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Abstract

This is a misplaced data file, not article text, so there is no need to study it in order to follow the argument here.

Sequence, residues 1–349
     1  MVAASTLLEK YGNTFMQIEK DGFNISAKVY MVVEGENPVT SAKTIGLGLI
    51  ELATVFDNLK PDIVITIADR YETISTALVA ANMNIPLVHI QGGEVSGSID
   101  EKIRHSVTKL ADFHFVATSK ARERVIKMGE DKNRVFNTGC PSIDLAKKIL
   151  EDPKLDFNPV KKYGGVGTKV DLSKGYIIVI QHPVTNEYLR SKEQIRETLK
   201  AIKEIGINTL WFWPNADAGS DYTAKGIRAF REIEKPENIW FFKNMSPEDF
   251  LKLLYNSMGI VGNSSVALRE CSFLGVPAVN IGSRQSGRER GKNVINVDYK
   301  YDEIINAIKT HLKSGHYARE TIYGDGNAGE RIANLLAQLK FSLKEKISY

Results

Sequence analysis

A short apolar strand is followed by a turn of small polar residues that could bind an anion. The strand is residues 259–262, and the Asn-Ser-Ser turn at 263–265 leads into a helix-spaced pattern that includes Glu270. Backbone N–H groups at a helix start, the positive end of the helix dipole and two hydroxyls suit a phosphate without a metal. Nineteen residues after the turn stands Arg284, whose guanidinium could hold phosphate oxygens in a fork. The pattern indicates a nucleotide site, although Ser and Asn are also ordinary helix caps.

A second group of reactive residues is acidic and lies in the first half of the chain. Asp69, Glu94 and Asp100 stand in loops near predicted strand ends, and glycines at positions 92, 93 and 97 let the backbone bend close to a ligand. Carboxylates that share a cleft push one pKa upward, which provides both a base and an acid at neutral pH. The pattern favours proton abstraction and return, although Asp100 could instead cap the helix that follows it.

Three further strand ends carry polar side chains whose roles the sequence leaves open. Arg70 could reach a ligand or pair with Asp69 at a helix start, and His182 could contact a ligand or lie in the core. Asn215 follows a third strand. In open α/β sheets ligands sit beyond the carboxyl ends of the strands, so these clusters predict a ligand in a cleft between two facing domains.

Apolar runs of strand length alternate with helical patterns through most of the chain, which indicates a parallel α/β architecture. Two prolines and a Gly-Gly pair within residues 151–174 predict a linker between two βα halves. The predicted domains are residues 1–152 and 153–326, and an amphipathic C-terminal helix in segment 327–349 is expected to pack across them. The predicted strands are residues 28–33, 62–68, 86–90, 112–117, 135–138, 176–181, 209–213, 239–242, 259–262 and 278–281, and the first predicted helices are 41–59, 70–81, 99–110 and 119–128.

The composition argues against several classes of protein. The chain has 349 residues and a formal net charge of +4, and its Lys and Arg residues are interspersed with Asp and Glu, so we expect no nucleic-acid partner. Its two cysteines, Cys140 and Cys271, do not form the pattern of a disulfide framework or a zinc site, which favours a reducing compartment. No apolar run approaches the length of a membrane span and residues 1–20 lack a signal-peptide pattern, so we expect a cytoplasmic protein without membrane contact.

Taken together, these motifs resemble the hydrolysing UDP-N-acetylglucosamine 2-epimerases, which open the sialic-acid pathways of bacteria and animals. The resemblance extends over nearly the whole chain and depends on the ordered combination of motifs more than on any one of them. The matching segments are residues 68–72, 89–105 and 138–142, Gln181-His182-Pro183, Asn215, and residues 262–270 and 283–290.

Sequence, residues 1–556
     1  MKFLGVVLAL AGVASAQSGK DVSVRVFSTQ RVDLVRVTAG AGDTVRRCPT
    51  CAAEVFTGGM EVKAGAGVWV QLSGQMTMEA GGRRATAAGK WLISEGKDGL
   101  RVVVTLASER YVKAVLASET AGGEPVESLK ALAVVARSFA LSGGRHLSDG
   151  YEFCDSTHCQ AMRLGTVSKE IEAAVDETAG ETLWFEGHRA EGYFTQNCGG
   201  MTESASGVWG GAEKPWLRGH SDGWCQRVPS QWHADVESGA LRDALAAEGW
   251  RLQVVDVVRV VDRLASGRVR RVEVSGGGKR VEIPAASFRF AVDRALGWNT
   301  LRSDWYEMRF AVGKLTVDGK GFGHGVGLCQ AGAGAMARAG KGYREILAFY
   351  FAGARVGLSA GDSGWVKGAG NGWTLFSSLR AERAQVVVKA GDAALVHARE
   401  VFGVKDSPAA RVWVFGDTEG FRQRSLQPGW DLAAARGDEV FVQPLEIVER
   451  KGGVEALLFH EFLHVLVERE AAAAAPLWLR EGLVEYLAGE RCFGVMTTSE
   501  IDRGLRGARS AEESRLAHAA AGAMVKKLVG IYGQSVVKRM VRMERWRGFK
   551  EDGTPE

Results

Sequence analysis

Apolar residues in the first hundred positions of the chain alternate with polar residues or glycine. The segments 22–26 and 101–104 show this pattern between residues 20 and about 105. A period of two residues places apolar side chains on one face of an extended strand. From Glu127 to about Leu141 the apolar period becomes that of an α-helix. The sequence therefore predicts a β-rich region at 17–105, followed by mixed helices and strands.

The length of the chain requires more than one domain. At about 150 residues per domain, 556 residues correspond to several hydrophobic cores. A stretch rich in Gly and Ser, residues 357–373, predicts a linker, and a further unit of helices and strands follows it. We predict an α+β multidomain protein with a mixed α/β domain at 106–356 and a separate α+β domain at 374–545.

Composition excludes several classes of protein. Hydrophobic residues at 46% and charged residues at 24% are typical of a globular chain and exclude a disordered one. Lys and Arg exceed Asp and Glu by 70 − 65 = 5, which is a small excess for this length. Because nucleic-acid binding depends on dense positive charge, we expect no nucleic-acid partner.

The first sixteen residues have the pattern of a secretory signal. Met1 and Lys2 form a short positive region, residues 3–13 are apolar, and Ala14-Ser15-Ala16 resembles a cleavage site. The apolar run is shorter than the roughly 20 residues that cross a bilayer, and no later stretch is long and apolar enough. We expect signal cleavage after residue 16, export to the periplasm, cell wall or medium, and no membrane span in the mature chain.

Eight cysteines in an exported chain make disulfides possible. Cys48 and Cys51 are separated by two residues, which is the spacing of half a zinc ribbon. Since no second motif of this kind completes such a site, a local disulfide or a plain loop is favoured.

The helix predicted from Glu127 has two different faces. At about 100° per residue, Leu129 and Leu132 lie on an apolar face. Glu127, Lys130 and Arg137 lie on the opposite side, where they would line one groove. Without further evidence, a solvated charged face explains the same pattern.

Expeditions provide a valuable opportunity for studying processes of coping with a stressful situation. An expedition to India organized by the British Schools Exploring Society has already been reported as being accompanied by positive changes on self-report personality scales. This paper is concerned with detailed cognitive coping measures completed throughout the 6 weeks of the expedition. It needs to be noted that the results relate to young adults and to those who provided detailed coping information; the generalizability of the result is a matter for future research. The expedition presented a mixture of physical and social stresses. Men enjoyed the physical experience more than women, but women enjoyed the social experience more than men. There was generally greater reliance on personal resources than on social support in coping with stress. This was particularly true for men in coping with physical stress and women in coping with social stress. In general, the physical stresses had been better anticipated than the social ones. Positive reformulations were much more widely used as coping strategies than avoidance/resignation strategies, especially so for physical stresses. However, use of avoidance/resignation strategies was the better predictor of outcome, with those who used them being least likely to show positive personality change as a result of the expedition. The results are related to current research on stress and coping.